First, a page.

Insight on Commissioning Attractions
Imagine spending millions of dollars on a new attraction, only to discover an unexpected challenge days before opening. An Asia-Pacific water park found itself in this situation. The park was ready to launch a wave pool with intricate rockwork theming. Then, on testing and commissioning day, the park’s lifeguards noticed that the rockwork blocked their line of sight.
There was no choice: in the name of safety, the park had to drain the water, hack the concrete, repair the wall, refill the pool, and start testing all over again. The park lost two weeks of the operating season, hundreds of thousands of dollars in repairs, and forfeited early ticket sales.
Experts recommend delays and cost overruns can be avoided by doing one thing: ensuring open communication between designers, maintenance, and operations at the very beginning. Enabling colleagues from different departments to raise their perspectives and needs early will prevent headaches down the road.
Don’t Hesitate, Communicate
“Build and maintain relationships with your manufacturer,” advises ProSlide Technology Vice President of Business Development Steve Avery. “We don't ever sell a ride and tell you to call us again when you need another one. It's a partnership for life. In order to have safe attractions, we have to be in lockstep for the entire life cycle of the attraction.”
Avery spoke in Singapore at IAAPA Expo Asia 2023 in an EDUSession detailing how to enhance the manufacturer-operator relationship. He was joined by Erik Beard, general counsel of International Ride Training (IRT); Anna Danau, IRT’s director of strategic engagement; and Geoffrey Norton, a California-based lawyer with Norton & Melnik.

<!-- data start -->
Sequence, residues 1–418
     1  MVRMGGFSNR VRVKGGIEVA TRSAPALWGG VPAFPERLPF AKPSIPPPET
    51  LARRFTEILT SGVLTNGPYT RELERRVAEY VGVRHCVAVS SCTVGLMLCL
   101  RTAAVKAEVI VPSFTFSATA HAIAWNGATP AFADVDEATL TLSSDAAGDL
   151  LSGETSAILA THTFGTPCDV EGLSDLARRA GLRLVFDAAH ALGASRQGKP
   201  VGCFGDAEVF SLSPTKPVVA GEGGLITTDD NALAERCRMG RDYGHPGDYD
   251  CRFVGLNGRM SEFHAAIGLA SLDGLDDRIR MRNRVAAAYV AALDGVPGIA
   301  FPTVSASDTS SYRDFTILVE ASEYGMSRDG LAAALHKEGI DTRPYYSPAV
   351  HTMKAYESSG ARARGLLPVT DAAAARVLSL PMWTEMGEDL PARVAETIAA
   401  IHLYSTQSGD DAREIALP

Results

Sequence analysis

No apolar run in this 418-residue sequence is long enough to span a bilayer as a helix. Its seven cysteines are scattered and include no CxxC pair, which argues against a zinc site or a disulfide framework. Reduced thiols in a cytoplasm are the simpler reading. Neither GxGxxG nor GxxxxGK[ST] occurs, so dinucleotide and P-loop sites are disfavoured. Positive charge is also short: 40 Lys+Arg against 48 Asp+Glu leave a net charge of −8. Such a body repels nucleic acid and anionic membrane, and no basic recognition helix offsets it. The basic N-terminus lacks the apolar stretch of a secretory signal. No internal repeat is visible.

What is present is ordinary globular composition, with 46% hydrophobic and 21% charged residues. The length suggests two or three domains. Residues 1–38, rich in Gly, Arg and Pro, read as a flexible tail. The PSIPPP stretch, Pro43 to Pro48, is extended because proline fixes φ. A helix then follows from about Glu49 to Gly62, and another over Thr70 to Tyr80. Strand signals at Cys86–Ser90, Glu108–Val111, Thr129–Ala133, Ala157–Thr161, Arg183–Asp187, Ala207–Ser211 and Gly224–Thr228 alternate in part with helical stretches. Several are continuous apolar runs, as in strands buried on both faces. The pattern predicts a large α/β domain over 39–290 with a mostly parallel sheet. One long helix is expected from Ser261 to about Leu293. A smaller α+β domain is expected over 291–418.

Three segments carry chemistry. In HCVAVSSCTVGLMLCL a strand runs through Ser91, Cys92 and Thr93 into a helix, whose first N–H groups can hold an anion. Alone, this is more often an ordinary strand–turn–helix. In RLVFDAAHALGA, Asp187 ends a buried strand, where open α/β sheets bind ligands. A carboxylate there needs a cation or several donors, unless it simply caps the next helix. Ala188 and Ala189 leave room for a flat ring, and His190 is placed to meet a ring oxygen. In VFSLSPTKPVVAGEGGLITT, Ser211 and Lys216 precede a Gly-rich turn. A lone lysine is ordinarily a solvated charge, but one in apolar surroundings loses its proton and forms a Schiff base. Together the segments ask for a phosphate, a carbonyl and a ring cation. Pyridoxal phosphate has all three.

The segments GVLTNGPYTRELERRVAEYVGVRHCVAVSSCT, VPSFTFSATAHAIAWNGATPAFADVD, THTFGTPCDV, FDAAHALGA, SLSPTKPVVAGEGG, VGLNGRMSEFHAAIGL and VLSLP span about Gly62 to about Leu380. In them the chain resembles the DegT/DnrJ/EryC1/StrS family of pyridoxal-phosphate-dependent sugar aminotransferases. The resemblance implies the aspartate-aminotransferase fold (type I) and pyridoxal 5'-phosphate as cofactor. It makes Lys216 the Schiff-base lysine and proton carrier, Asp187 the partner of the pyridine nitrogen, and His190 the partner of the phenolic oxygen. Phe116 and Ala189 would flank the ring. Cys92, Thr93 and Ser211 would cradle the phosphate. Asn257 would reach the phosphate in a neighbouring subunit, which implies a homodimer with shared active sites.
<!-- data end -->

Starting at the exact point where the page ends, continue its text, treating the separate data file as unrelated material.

The panel of industry experts recommends viewing the ride commissioning process as a series of four phases: from concept and purchase through testing, ‘T&C Day’ (testing and commissioning), post-testing, and finally, whenever there is an incident or guest complaint.
Plan and Be Prepared
Another point in the process where change is needed is T&C Day itself. Often, the areas around a new ride are still a flurry of activity. Contractors are busy pouring concrete, painting, and planting landscaping—all of which present safety issues.
“Before testing and commissioning, communicate and plan,” says Danau. “Treat T&C Day like a soft opening. Have an agenda. There should be training. Walk through the ride together.”
Experts say owners and operators need to budget time and resources for the manufacturer to stay on site after commissioning, as well. Once guests enter the park to experience the ride on opening day, new issues may surface. They recommend operations teams never wait for a problem to develop before taking action.
“The equipment is a product, but it's operated by people,” Norton adds. “And those people need to be well trained, and the people that train them need to be well paid, and that way, everything runs smoothly. Then, at some point in time, if you need to, you call that manufacturer.”
Even when an attraction purchases a used ride, operations and maintenance leaders should still liaise with the manufacturer to ensure that you have the latest safety information.
“If you buy a ride at auction or secondhand, the manufacturer may not even know that you own it,” Beard says. “It’s incumbent on the new owner to reach out, because all the same things that you're going to go through with a new attraction, you're gonna go through with a newly installed, used attraction.”